May 20, 2013

Cortland Acres residents chat with Sen. Manchin online | Elkins Inter Mountain

Stanley "Champ" Sedmock, a 13-year resident of Cortland Acres, may not have to wait long for U.S. Sen. Joe Manchin to take him up on his offer of a cup of coffee.

"Hopefully I can stop by soon and visit with you in person," Manchin said via the online teleconference program Skype. "I'd love to be with you this morning. But since I'm not, this is the best way for me to talk with you about your concerns."

Manchin, who owns a home and loves spending time in Canaan Valley, spoke with more than a dozen Cortland Acres residents via Skype in recognition of National Nursing Home Week.

"It is terrific that we have this opportunity to talk with you, Sen. Manchin, about issues important to our residents," Administrator Don Black said. "We are especially grateful because this month is Cortland Acres 35th Anniversary. It was 35 years ago this month that a group of folks put together a nursing home and Cortland opened its doors."

Manchin has been "Skyping" with high school students throughout West Virginia for the past couple of months. He recently accepted a special invitation, and the only one of its kind, from Cortland Acres. During the 20-minute session, he answered a variety of questions ranging from stem cell and emphysema research to the importance of children and exercise.

But it was the question from resident Francis Bibeau that drew the most attention.

"I want to know if you are going to run for president someday," she asked.

"I don't think so Francis," Manchin replied with a smile. "I enjoy public service so much. I never thought I'd be this old and be this homesick for my state of West Virginia.

"I don't get to come home as much as I want to. I want to serve the people of West Virginia to the best of my ability. You never say never, but that's not on my radar screen right now."

Betty Bonner asked about the different amounts of spending money per month received by Medicaid and Social Security recipients and veterans.

"Nursing home residents on Medicaid receive $50 spending money per month, residents on SSI only receive $30 spending money per month and those who are veterans get $90 per month," she said. "Would it be possible for those getting only $30 a month to be increased to $50 or could everyone get $90?

Manchin said he would look into the different spending levels for each program.

"I will check into the reasons for the differences of $30, $50 and $90," he said. "If there's any adjustment that is recommended or if we can these make adjustments for you, we will. You are asking for a fairness situation."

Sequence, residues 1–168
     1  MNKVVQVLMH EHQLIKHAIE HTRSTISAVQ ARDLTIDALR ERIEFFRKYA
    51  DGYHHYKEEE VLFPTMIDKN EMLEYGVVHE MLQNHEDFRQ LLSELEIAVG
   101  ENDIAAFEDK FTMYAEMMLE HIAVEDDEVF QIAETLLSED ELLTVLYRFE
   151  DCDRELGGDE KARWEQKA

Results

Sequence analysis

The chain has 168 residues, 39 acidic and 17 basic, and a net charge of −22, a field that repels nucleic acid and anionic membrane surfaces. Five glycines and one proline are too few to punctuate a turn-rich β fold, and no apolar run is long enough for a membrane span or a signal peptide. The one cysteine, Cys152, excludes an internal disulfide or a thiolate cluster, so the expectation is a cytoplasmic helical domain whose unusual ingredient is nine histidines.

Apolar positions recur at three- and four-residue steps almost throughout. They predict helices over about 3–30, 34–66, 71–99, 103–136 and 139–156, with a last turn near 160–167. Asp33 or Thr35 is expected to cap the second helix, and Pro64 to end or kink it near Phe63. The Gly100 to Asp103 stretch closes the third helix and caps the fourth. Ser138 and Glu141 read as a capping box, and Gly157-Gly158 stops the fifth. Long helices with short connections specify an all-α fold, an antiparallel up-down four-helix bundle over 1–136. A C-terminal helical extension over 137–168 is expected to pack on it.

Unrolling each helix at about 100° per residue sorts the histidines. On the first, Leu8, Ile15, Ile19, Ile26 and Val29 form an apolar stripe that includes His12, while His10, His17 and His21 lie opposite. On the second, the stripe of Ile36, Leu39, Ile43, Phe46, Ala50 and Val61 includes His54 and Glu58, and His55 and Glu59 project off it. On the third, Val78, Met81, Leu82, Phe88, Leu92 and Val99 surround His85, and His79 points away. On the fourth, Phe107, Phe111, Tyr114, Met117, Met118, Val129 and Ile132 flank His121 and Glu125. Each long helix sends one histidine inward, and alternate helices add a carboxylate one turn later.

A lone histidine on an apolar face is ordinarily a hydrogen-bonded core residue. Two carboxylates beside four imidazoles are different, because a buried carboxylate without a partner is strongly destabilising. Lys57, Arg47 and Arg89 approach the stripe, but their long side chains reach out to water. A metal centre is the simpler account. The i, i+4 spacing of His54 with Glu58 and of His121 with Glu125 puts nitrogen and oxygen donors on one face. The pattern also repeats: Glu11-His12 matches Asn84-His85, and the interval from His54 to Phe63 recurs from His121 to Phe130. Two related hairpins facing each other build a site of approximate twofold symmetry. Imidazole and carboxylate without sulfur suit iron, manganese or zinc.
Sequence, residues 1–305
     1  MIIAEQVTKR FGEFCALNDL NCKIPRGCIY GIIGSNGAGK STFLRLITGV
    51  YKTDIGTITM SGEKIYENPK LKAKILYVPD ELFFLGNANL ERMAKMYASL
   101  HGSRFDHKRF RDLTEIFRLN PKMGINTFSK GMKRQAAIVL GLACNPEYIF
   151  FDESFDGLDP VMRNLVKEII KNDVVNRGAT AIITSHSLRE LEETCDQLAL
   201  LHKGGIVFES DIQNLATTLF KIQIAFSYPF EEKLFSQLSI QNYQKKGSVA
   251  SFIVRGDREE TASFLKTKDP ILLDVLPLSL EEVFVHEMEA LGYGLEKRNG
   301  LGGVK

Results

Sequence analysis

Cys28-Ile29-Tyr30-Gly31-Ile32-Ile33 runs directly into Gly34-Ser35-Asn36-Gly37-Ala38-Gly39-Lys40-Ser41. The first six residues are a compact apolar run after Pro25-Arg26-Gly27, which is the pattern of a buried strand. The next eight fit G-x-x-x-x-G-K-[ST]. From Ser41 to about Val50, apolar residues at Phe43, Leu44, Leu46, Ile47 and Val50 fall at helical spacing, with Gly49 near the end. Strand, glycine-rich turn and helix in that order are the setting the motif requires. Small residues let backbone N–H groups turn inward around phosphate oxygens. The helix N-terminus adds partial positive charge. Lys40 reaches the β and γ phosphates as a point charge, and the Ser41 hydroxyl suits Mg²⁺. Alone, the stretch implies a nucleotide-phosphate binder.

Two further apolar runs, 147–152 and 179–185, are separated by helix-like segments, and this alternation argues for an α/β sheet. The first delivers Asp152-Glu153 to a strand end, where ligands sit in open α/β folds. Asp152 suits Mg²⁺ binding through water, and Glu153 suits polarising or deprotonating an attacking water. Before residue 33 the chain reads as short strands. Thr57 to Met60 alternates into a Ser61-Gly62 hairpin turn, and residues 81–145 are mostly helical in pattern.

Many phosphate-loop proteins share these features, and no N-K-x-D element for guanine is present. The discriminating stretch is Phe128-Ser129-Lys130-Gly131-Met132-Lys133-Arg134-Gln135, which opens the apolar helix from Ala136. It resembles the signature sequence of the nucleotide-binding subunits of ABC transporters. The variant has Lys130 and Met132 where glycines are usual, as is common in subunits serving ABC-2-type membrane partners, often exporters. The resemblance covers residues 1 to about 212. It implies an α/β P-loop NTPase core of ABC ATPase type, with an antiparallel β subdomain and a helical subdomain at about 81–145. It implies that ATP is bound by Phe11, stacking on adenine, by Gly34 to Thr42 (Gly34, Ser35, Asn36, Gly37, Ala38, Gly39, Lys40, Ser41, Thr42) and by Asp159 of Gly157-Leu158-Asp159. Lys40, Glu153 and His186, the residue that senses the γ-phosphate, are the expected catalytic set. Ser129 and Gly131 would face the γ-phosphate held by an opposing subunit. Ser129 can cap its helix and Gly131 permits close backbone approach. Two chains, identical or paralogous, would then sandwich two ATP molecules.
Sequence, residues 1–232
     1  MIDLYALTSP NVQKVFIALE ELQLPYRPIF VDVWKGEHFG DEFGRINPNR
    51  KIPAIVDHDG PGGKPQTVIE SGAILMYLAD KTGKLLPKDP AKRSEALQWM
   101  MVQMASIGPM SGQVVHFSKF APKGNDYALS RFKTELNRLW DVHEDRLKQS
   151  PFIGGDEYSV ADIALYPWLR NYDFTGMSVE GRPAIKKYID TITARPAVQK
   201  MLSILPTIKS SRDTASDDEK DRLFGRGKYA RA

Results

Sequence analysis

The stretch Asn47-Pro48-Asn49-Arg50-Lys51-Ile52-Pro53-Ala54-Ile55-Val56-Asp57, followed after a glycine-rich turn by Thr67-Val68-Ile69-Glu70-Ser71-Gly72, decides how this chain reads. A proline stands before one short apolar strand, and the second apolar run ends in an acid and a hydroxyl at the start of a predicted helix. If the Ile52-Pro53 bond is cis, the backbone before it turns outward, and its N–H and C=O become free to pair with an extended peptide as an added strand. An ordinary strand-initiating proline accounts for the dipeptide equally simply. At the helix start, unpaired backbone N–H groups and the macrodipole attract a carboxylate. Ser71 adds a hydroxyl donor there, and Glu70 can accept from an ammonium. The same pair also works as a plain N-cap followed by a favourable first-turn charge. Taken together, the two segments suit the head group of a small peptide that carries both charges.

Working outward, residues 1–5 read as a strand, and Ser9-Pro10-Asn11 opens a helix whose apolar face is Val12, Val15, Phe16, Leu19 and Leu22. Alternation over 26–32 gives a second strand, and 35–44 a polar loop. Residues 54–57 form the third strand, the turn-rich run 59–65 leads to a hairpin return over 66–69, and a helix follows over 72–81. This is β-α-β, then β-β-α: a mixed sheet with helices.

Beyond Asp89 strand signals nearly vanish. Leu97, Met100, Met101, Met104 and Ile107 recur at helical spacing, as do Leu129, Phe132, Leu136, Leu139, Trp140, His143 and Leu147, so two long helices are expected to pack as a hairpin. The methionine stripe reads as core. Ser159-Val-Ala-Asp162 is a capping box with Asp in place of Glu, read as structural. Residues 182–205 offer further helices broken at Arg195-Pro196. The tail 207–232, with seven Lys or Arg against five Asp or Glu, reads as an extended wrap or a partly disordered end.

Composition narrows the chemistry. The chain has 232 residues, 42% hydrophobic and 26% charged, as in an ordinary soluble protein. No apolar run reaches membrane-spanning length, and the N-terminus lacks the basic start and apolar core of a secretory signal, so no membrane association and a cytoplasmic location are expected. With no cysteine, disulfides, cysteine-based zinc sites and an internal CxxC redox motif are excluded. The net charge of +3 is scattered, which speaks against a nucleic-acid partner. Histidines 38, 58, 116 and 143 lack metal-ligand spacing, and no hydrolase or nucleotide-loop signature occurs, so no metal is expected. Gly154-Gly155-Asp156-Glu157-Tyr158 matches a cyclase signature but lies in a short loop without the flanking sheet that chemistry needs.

Next, resident Leona Howell asked about "any research projects regarding breathing problems like emphysema."

Manchin knows emphysema is a major health challenge in West Virginia because of the types of jobs available.

"Emphysema takes a terrible toll on West Virginians," he said, noting that he has family members who suffer from the disease. "I don't know of any or additional research being done or any breakthrough that has happened, but I will find out more information for you. I know we are committed and doing everything humanly possible."

Sedmock, who has multiple sclerosis, asked Manchin about stem cell research.

"Will I see the use of stem cell research on MS in the near future?" he asked. "If not, are there new treatments available for my type of MS, not a cure but a treatment to make life a little more tolerable?"

Manchin said he's proud to support funding for the National Institute of Health, the entity responsible for these types of stem cell research projects.

"I've always said you should set your priorities based on our values as Americans and try to find cures that get people a better quality of life," he said. "The NIH is doing everything humanly possible that I know of for stem cell research. As you know it is a very tedious and long process. We have to continue to be hopeful and not to give up for finding the cure that can improve the quality for people like yourself."

Next Clara Mae Davis posed a question concerning children and the amount of time devoted to recess and exercise.

"Is there any effort to provide more play or exercise time for children in schools today instead of sitting in front of a TV or computer?" she asked.

Manchin said this issue has been a concern of his since he was governor of West Virginia. He said this issue starts at home with parents and the community getting youth involved and creating healthier lifestyles.

"When I went to school everyone had to take recess or phys ed," he said. "My understanding now is it is not even mandatory. So kids go to school and never have a phys ed class."

Beth Clevenger, assistant administrator at Cortland Acres, worked closely with Peggy Hawse, regional coordinator for Manchin, to schedule the special event.